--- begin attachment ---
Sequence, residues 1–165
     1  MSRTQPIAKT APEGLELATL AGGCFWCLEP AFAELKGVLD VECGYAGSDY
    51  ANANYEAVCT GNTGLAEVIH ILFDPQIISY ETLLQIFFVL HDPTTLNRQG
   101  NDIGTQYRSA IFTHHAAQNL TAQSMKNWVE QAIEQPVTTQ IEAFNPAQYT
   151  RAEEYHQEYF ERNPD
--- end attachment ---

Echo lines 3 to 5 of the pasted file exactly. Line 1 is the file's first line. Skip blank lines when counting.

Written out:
    51  ANANYEAVCT GNTGLAEVIH ILFDPQIISY ETLLQIFFVL HDPTTLNRQG
   101  NDIGTQYRSA IFTHHAAQNL TAQSMKNWVE QAIEQPVTTQ IEAFNPAQYT
   151  RAEEYHQEYF ERNPD